WorldNetDaily has been agitating of late for a pardon of Border Patrol agents, Ignacio Ramos and Jose Compean, convicted in 2006 of shooting a fleeing suspected drug smuggler on the U.S.-Mexico border and then covering up their actions -- even offering a petition for people to sign (which, as we've noted, is a tad disingenuous). But as it did before, WND is shielding from its readers the most damning aspects of the case against Ramos and Compean -- namely, what exactly they did to earn their prison sentences.
A Dec. 15 article by Chelsea Schilling summarized the case this way: "Ramos and Compean are serving 11- and 12-year prison sentences, respectively, for shooting at a fleeing illegal alien drug dealer while he smuggled nearly 750 pounds of marijuana across the border." While Schilling did go on to note that the two "were convicted of assault, discharge of a weapon in the commission of a crime of violence, tampering with an official proceeding and deprivation of civil rights," at no point does Schilling explain it, preferring instead to tell the sob stories of the families of the agents. Schilling does admit that the Ramos and Compean's convictions on nearly all of the charges were upheld by the 5th U.S. Circuit Court of Appeals.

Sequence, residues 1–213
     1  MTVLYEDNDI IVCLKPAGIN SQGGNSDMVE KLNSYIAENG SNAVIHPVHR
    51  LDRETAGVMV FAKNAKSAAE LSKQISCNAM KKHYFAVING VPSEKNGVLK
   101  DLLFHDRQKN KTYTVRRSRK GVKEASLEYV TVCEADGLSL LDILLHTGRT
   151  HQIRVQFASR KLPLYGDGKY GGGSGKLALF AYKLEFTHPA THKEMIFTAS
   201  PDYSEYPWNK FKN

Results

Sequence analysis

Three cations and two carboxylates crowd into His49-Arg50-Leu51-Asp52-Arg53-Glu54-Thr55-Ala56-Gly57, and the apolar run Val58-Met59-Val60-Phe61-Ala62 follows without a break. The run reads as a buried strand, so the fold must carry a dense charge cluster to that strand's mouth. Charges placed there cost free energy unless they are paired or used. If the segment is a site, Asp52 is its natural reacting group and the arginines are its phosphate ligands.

As we detailed when WND endeavored to suppress the full story the first time around, the agents were accused of covering up their involvement in the shooting by picking up their shell casings and failing to file an incident report. Further, pursuing fleeing suspects violates Border Patrol policy.
While this article had some semblence of balance, a follow-up Dec. 22 article by Schilling did not. She repeated the "illegal alien drug dealer" slant, noted the charges the two were convicted of -- then went on to claim, based solely on a claim made by an anonymous source, that Border Patrol agents "fear losing their jobs or ending up behind bars like agents Ignacio Ramos and Jose Compean."
Other recent WND articles on the case demonstrate a similar bias by not reporting the details of the case explaining why Ramos and Compean faced those charges and were convicted of them. A Dec. 15 article promoting the petition whitewashes things further, noting only that Ramos and Compean "were convicted and sentenced under a law requiring a minimum 10-year sentence for the use of a firearm in the commission of a crime – a law the Congress never intended to apply to law enforcement officers" without mention the cover-up charges. A Dec. 24 article by Bob Unruh recited some of the charges Ramos and Compean wereconvicted of but failed to detail the circumstances of the crime.